Shadrach Boyce Mama to Frederick Chesson, Dec 29 1879, C142/15-16

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Mama, Shadrach Boyce


Indigenous person




Cape Town


Cape Colony

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Bodleian Libraries

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MSS. Brit. Emp. S. 18 / C142-15


De Lelie Chambers
Spin Street
Cape Town
29 December 1879

F.W. Chesson, Esq
Member of the Aborigines Society
17 King William Street
Charing Cross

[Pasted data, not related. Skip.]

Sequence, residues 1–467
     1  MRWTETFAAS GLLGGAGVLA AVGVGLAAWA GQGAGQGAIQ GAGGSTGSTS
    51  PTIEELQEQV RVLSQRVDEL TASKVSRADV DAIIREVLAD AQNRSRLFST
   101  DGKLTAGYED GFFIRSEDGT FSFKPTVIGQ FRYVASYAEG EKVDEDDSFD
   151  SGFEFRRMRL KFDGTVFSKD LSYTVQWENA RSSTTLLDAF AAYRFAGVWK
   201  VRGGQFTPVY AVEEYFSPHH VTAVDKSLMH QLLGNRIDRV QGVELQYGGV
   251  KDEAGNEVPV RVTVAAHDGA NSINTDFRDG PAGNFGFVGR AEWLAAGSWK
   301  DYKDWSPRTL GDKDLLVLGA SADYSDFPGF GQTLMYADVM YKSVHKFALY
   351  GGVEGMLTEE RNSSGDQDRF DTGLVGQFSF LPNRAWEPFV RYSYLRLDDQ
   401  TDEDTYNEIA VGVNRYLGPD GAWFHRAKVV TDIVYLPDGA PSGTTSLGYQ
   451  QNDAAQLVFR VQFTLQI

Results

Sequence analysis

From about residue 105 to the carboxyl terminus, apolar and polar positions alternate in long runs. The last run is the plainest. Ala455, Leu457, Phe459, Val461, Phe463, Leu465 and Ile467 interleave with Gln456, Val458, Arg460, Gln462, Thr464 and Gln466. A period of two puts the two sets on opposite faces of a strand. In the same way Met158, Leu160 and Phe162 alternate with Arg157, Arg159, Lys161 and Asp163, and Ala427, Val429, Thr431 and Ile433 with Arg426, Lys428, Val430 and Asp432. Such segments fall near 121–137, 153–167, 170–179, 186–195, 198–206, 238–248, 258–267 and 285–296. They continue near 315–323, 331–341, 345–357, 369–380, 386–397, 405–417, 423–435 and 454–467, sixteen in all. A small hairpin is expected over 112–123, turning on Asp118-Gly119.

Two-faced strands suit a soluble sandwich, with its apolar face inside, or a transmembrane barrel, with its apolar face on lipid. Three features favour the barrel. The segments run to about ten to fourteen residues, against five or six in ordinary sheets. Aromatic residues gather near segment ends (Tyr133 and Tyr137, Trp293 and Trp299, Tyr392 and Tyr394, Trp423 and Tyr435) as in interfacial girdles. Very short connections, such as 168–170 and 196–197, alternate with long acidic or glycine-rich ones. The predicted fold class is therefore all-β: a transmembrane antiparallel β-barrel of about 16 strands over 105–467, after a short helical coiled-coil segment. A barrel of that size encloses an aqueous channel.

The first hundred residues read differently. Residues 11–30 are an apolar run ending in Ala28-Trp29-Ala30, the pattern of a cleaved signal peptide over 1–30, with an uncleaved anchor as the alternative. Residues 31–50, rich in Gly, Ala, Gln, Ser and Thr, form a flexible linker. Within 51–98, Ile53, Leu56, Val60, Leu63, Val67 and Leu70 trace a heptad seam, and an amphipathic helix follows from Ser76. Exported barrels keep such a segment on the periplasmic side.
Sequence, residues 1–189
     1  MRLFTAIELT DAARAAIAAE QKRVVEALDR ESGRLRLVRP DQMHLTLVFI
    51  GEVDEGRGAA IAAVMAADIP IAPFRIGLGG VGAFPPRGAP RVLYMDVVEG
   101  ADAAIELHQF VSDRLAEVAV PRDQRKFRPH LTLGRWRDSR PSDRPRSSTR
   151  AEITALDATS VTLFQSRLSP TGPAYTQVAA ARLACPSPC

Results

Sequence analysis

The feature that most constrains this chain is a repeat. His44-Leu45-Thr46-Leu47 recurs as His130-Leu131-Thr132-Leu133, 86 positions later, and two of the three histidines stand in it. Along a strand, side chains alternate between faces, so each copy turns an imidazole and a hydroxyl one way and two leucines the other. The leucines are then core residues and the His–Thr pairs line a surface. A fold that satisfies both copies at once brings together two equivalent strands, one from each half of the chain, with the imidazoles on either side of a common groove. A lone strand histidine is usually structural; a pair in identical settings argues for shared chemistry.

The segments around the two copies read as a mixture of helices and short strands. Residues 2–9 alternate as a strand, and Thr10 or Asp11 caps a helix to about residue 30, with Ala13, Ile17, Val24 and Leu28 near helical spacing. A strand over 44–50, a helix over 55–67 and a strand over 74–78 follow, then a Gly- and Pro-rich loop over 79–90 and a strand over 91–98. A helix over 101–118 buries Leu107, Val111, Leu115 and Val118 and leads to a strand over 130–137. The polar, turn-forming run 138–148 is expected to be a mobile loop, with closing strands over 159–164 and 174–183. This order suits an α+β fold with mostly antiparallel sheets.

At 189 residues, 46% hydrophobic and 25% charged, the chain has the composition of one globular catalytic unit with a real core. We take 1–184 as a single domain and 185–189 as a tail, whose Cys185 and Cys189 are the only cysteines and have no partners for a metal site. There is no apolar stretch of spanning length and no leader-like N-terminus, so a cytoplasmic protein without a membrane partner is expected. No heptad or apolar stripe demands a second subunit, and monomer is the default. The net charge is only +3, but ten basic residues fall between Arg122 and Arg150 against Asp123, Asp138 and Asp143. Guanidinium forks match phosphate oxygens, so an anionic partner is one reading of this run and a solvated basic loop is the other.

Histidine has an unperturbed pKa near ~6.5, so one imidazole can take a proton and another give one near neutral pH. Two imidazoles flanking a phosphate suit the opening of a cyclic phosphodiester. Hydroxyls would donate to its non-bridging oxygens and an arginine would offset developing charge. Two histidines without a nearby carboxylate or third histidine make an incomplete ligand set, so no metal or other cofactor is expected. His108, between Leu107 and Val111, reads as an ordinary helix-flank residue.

My serious attention has been attracted by your correspondence with the Secretary of State for the Colonies – which appearing in the Cape Argus of December the 27th 1879 and I thought it my personal duty to write to you, as your correspondence on natives affairs was mainly based on what was written by me originally to the Cape Argus, and I am the man who brought it before the knowledge of Mr Saul Solomon – and the public – I am Shadrach Boyce Mama and a young man of fine constitution of health and I am between 19 and 20 years old. I am a Kafir of Kama’s tribe a loyal chief, Kama is my uncle by birth – my own father is a Wesleyan Ordained Missionary by the late Bishop Impey – who lately resigned his office – my father Rev Boya Mawa is now in charge of New Lovedale Mission Station in Grahams’ Town District. I was educated at Heald Town Wesleyan Institution by H.W. Graham and I passed my Government Examination, and got my Government Certificate of Competency in 1877, signed by Dr Dale, the Supl – General of Education.